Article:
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Penang call to address home prices, FDIs

October 7th, 2010 Leave a comment

GEORGE TOWN: The Penang business community is seeking measures on affordable housing and improving foreign direct investments (FDIs) as well as incentives for local and multinational companies to reinvest under Budget 2011.

Real Estate Housing Developers’ Association chairman Datuk Jerry Chan said in view of the high property prices, the Government should consider revamping the way public housing was being subsidised.

“The Government should instead look at developing public housing and renting them to the lower-income group as practised in the UK,” he told StarBiz.

He said this group, which already had difficulties to make ends meet, would also not be burdened with the need to buy a low-cost property.

“The present system requiring the developer to build public housing only increases property prices, as the cost of development is passed on to purchasers.

“To bring down the price of properties, the Government should look into subsidising building materials,” he said.

The Government should also consider giving grants to first-time home buyers, he said, adding: “The grant should be given to purchasers of homes priced below RM250,000.”

According to the Valuations & Property Services Department at the Finance Ministry, in 2009, the residential property pricing in Penang had soared above that of Kuala Lumpur by over 2.5%.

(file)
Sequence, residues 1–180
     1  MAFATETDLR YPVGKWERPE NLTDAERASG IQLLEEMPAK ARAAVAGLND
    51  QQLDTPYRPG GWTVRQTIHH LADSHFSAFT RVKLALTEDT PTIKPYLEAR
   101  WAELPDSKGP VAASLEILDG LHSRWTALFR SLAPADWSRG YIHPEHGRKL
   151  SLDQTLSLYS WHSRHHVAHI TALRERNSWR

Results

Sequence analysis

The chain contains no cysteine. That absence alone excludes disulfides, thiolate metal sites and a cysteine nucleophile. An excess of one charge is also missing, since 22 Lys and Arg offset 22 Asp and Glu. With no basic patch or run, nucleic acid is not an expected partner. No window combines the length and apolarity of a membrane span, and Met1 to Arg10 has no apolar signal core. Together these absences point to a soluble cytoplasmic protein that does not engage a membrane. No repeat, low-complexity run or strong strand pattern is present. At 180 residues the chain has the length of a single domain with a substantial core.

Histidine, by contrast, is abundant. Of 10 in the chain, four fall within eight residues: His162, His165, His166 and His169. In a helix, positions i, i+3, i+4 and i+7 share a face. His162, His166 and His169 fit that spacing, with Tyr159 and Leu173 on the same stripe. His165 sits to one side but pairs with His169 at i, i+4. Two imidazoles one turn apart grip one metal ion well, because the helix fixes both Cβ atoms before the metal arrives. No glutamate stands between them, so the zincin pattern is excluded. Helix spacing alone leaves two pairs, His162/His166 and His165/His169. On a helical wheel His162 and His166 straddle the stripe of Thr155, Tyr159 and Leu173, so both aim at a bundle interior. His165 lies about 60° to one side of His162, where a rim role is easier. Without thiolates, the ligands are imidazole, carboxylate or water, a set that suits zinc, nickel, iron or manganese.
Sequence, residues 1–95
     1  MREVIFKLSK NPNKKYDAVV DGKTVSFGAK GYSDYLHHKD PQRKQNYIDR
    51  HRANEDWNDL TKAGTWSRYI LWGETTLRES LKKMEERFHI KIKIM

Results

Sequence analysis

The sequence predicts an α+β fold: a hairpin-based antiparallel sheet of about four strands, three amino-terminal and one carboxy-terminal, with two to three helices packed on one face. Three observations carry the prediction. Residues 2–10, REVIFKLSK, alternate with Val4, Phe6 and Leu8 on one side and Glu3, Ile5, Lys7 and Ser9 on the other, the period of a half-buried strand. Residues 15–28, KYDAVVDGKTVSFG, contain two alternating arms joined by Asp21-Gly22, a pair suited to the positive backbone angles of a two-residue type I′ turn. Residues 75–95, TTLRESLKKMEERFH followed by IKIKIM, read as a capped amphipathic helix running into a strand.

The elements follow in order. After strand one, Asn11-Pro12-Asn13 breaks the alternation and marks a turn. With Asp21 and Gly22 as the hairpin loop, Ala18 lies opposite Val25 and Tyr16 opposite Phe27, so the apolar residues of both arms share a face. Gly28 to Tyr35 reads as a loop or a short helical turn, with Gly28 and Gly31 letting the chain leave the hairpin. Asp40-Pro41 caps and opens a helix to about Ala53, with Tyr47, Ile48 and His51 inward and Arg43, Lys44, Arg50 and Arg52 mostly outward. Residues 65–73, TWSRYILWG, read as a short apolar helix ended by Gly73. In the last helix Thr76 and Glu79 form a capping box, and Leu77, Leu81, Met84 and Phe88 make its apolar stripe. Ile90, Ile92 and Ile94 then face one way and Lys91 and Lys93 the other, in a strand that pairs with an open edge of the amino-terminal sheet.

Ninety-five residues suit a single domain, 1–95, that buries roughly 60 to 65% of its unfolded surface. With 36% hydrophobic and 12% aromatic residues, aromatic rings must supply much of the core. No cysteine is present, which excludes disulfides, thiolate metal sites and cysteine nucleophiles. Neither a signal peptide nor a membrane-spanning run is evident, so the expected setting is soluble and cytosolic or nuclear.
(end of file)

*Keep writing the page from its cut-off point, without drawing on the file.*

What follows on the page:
The housing price index of Penang was 145 in 2009, compared with 142 in Kuala Lumpur and the national average of 130.

GUH Holdings Bhd managing director Datuk Kenneth H’ng said the Government must quickly arrest the decline of FDIs.

“It must provide more attractive incentives to pull in investments as there are now new competing destinations in the region,” H’ng said.

Malaysian American Electronics Industry chairman Datuk S.H. Wong said the budget should provide grants for local companies and multinational corporations to reinvest and grow technologically, creating more high-value technological positions.

“This will prevent them from shifting elsewhere. The Government should not increase the foreign levy, which is currently at RM100 monthly per worker, for all business sectors. It should raise the levy in sectors where automation and productivity is low.

“The Government should also look at lowering the electricity tariffs for companies that achieve more in terms of value and quantity with their usage of electricity,” Wong said.

Meanwhile, Malaysian Association of Hotels (Penang chapter) chairman Marco Battistotti said to enhance the country’s competitive edge in the tourism industry, the Government should consider giving tax incentives to hotels that wanted to upgrade their buildings in accordance with green environment guidelines and to re-train their workers to meet a more competitive tourism environment.

“Such tax incentives will spur those hotels, which had been around for more than 15 years, to renovate and to provide better services,” he added.



SOURCE: The Star

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